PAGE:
You may have seen them before. They adorn the walls of Vietnamese restaurants everywhere in the world and Vietnamese overseas hang them up as Lunar New Year approaches. In Vietnam, production of these folk paintings peaks right before Tet as merchants stock up in anticipation of heavy customer demand. These paintings are traditionally used to decorate homes for the New Year festival.
Producing Dong Ho paintings is a trade of time-honoured tradition of the village of Dong Ho. It is Dong Ho paintings that make Dong Ho village famous across Vietnam as well as in the world. In fact, only Dong Ho village’s people can turn out real Dong Ho paintings.
The village of Dong Ho is in Ha Bac, the province just north of Hanoi. Come there, besides impressive paintings, you can enjoy the beautiful rural scenery and fresh air of the Vietnam’s countryside. However, whenever people mention to Dong Ho village, first of all, they remember Dong Ho paintings.
The production of Dong Ho paintings is rather sophisticated. It can be described as follows
The printmaking process
The prints are made by brushing paint made of local material onto carved wood blocks, then pressing the blocks on paper. The print is left to dry after each color is applied before another color is added. Three to five colors are used to make each print.
The wood blocks
The wooden blocks are made from the thi tree, a soft fibrous wood. The block is used as a printing plate, with one block for each color, print and size. A big shelf in the printing room holds hundreds of wood blocks. Among them, some are 200 years old. Wood block carving is an art handed down within the family by the master to his children. In the village, there are some families have been making prints for many generations. Coming to visit Dong Ho village, you can see many sons and several daughters working, learning the craft from their fathers and carrying on the family tradition.
The prints are all done on traditional giay gio paper made from the bark fiber of the do tree. This tree grows in the northwestern part of the country. The sheath is stripped off the tree trunk and soaked in a pond for a month. It is then dipped in limewater for two weeks, followed by a wash. After ten days or so the pulp is poured into frames which are stacked for several more days. Then the stacks are arranged on a wall to dry and pressed smooth with a stone mortar.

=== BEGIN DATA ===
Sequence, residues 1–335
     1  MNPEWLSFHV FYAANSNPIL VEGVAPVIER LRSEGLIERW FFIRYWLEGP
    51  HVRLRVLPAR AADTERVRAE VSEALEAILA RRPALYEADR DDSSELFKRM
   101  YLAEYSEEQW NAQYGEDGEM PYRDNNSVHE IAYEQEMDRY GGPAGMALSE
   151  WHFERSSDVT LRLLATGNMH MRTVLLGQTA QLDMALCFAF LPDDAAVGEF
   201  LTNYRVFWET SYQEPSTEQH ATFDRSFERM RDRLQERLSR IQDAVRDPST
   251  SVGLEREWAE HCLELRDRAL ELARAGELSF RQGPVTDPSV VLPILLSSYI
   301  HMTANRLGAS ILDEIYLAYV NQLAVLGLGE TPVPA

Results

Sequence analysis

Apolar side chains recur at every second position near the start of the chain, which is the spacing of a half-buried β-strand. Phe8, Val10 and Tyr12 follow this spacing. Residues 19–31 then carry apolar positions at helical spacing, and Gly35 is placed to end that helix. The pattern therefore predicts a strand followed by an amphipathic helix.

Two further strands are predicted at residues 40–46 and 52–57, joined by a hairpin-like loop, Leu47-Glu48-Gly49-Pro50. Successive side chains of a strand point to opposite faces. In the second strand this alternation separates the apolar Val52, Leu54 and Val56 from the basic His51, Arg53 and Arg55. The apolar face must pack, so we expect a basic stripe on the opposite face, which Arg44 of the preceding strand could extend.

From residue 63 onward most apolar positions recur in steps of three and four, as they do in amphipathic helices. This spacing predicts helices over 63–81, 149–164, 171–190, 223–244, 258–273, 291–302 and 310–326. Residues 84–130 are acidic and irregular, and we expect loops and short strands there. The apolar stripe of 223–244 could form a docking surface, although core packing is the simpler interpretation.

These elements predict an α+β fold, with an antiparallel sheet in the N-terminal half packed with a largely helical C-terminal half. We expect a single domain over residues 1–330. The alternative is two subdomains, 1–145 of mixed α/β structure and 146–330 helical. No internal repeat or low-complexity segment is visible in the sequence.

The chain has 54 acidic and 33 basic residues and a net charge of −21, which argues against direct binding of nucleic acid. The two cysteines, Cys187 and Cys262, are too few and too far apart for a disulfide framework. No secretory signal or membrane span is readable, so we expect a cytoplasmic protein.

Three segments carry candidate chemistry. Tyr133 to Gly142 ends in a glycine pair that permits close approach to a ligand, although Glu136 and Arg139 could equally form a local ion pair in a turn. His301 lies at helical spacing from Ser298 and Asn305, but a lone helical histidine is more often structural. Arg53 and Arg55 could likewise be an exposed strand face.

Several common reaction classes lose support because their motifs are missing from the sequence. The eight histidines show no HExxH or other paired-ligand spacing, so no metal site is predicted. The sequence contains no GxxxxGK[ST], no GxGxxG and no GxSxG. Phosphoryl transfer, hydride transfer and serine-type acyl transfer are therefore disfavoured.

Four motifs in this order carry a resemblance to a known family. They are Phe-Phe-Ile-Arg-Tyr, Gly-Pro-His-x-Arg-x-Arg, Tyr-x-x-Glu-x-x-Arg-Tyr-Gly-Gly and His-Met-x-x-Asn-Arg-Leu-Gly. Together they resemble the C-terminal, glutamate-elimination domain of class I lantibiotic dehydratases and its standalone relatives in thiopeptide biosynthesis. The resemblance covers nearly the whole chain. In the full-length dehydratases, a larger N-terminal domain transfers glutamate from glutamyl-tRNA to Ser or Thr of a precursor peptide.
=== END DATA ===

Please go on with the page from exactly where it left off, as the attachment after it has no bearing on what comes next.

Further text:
The paper is coated with a pulverized powder made from shellfish found in the Hai Phong area. The shellfish is brought to the village and coated with mud for two years. The entire mixture is then ground up by stone mortar and put into a water tank to be filtered and pressed into balls that weigh about a kilo and they are left to dry on the walls or floors. They are then used as needed and mixed with glue. This mixture is called diep powder.
The prints are painted with a beautiful brush made of spruce. The thet brushes are made from dried spruce leaves bound together. These brushes are made in a village not far away and come in various sizes. The leaves are pounded with salt water and a hammer to make the brush tip soft enough and are bound together and flattened at the top.
The folk art simplicity has strong and simple contours with bright colors that are made from dried bamboo leaves, the local fruits, flowers, and leaves. The paint is mixed in large earthenware pots. The colors are mixed by hand and each artisan has his or her own formula. The red paint is made from soi son, a soft stone that is found in the region. The blue paint is made from indigo leaves found in the minority areas. Both of these paints must be soaked in an earthenware pot for a couple of years and strained of all impurities.
Yellow paint usually comes from the sophora tree whose flowers are as small as rice kernels. The flowers are roasted in a pan until they turn brownish-yellow. When water is added and the mixture is boiled, the yellow color appears. The liquid is filtered and the pulp thrown away. The violet color comes from the mong toi fruit. Black paint comes from the bamboo tree. When the bamboo trees shed their leaves, they are burned to a cinder, then sprinkled with water and put in a glazed clay jar half filled with water. After a year or more, the water is strained and the black ink is ready for use after being mixed with glutinous rice glue.
Grinding glutinous rice into a fine powder and mixing it with water makes the rice glue. As the rice powder settles to the bottom, the clear water is skimmed off every day, to prevent the contents from fermenting.
The stories Each print tells a story of historical significance. The prints are used to carry on the cultural history of Vietnam, passed on at the welcoming of each Lunar New Year to younger generations through storytelling. The themes of happiness, good luck, fertility, good fortune and prosperity are common. They celebrate the optimism for the coming New Year.
Every year, when Tet comes closer the village’s people are busy producing Tet prints, transporting them to Hanoi for sale to wholesalers who distribute them all over the country, keeping the tradition alive. Dong Ho paintings are still something that can not lack in Vietnam’s Tet. And many foreigners like these paintings and often buy them as souvenirs for their